While we lament the inability of the Rudd Government to provide a strong narrative for its economic agenda, it hasn’t been for want of trying.
An important element of the Government’s self-presentation has been its claim to being at the centre of Australian politics — with the logical assumption that other parties, and particularly the Coalition, are not.
Kevin Rudd calls it “the reforming centre“. Peter Hartcher discussed this back in April. Like many terms in the Prime Minister’s phrase book, it is taken from Tony Blair. Julia Gillard calls it the “progressive centre” or, just to cover both bases, the “progressive, reforming centre“.
Wayne Swan, significantly, doesn’t engage in these sorts of positioning statements. Rudd and Gillard are the ones who do the vision thing.
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The Prime Minister offered a similar sort of positioning when selling the Government’s Green Paper on emissions trading. In July, he told The 7.30 Report “we’re going to get attacked from the left, and that’s what the Greens are doing. We’re going to get attacked from the right and that’s what Dr Nelson is doing. My job’s to get the balance right for the future.”
Just in case we missed it, he repeated it moments later: “The Greens on the left out there, they may not like what we’re going to do and they will say it’s not as pure as the driven snow. Well I’ll cop that on the chin. And you will have the climate change sceptics on the right corner saying that we shouldn’t be doing anything.”
Part of this positioning is an attempt to marginalise the Greens, by painting them as extremists and economic vandals. The Government has made clear it wants to deal with the Coalition on the emissions trading scheme, not the Greens and independents. That is one of the reasons it kept up so much pressure on the Opposition during its confusion over the issue. The Government actually had a considerable stake in the Opposition ending up back at the Howard position of supporting a scheme unconditionally.
Rudd was doing the variant of this yesterday in Perth on Fuelwatch, in light of the independent senators indicating they were unlikely to back it. His comments were revealing.
“The Liberals are the ones who control this in the Senate and what the Liberals have done federally is decided to side with big oil companies against consumers. It is the Liberals who decide what happens in the Senate…”
And again: “The ball lines are very much in the Liberals court [sic]. The Liberals decide ultimately the passage of these matters through the Senate…”
And again, when directly asked about the concerns of Xenophon and Fielding: “… frankly the decision making power lies with the Liberals.”
Well, Prime Minister, it doesn’t. The Liberals are only one of several parties and independents that call pass your bills in the upper house. But obviously it is the Coalition — and the influence of “Big Oil” over them — that is Rudd’s key political target; Xenophon and Fielding do not pose a threat to his chances of re-election. And Rudd’s intention of appearing firmly in the “reforming centre” and uninterested in the minor parties isn’t incompatible with his Senate leader Chris Evans busily negotiating with any vote he can find — Green, independent, National — to get a bill through.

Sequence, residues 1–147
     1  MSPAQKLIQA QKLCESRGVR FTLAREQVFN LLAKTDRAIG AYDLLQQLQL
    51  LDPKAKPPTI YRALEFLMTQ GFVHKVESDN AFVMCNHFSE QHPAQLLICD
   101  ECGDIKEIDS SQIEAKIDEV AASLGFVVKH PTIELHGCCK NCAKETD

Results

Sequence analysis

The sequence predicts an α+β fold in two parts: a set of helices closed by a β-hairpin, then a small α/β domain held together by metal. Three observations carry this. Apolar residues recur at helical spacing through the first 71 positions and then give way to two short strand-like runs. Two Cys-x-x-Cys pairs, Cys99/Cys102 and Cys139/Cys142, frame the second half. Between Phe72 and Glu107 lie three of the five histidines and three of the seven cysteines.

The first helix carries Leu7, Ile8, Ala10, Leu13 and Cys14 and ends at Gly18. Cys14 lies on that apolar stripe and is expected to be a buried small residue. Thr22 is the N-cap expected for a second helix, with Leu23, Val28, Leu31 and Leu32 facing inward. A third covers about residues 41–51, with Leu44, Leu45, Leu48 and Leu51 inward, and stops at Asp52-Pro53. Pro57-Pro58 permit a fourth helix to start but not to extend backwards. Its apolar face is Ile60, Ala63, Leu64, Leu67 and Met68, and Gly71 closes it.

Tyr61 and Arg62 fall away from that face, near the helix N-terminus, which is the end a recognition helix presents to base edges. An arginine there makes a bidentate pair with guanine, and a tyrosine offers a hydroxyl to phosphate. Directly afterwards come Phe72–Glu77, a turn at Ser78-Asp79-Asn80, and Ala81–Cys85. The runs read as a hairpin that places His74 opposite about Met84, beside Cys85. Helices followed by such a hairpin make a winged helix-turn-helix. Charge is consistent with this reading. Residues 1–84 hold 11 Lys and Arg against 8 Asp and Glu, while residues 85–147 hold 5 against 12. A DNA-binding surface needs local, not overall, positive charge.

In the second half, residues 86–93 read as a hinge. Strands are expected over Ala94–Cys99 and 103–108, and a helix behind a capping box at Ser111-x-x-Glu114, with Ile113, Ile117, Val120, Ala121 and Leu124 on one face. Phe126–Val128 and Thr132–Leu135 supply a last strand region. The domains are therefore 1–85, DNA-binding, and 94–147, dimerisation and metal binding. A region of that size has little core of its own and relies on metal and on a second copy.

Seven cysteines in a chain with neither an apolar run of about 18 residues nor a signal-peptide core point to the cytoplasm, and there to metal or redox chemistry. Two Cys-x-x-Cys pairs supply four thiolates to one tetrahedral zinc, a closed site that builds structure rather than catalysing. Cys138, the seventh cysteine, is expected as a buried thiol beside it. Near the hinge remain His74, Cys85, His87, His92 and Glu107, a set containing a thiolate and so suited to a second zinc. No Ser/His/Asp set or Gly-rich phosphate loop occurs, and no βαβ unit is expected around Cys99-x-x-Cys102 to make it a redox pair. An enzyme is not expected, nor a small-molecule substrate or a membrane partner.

The Greens, however, are different. They pose a threat to the Government — not an existential threat, but one sufficient for Rudd to engage in an unsubtle and dishonest campaign of marginalisation. Green voters are the types inclined to regard the “reforming centre” of Australian politics as the problem and not the solution — the reason we’re in the environmental mess we are now. They occupy similar ground to the ALP’s left-wing supporters who are likely to become frustrated with the Government’s conservatism. The more the Government emphasises its cautious and incremental approach to key issues such as climate change, the greater the risk of losing votes to the Greens.
The Greens have talked the talk on their electoral performance for a long time, without really walking the walk (or biking the bike). But the 2007 election, and attaining party status in the Senate, was as close to a breakthrough as they’ve yet obtained. And Greens think they have a real show of knocking off Lindsay Tanner in Melbourne. Last November, Tanner suffered a 2% swing against him ended up on 54.7% after preferences, to the Greens’ Adam Bandt on 45.3%. Bandt out-polled Tanner at a number of booths.
The problem with the Prime Minister’s marginalisation of the Greens is that if anything it may exacerbate rather than prevent the drift of left-wing votes to them. By strongly emphasising his Government’s centrist nature, and the importance of dealing with the Coalition in the Senate rather than the Greens and independents, Rudd risks demonstrating the very problem that left-wingers are likely to have with his Government. The Government and Greens might be too far apart for a deal on an issue like emissions trading, but to have appeared to have tried would possibly be more effective for Rudd than flaunting his unwillingness to deal with the Greens.
The additional resources the Greens have obtained with party status, and their embrace of popular positions like an immediate, significant increase in the pension rate, will further strengthen their capacity to reach out to traditional ALP voters. The arrival of young senators Scott Ludlam and Sarah Hanson-Young will — with all due respect to Senators Brown, Milne and Siewert – also lift their mainstream media profile.
The “reforming centre” might be the ideal location to ensure votes do not drift off to the Right — but boasting about it might accelerate the drift of votes to the Left. Lindsay Tanner and other inner-metropolitan seat holders might have reason to think the Government’s positioning statements need to be a little more subtle than they have been.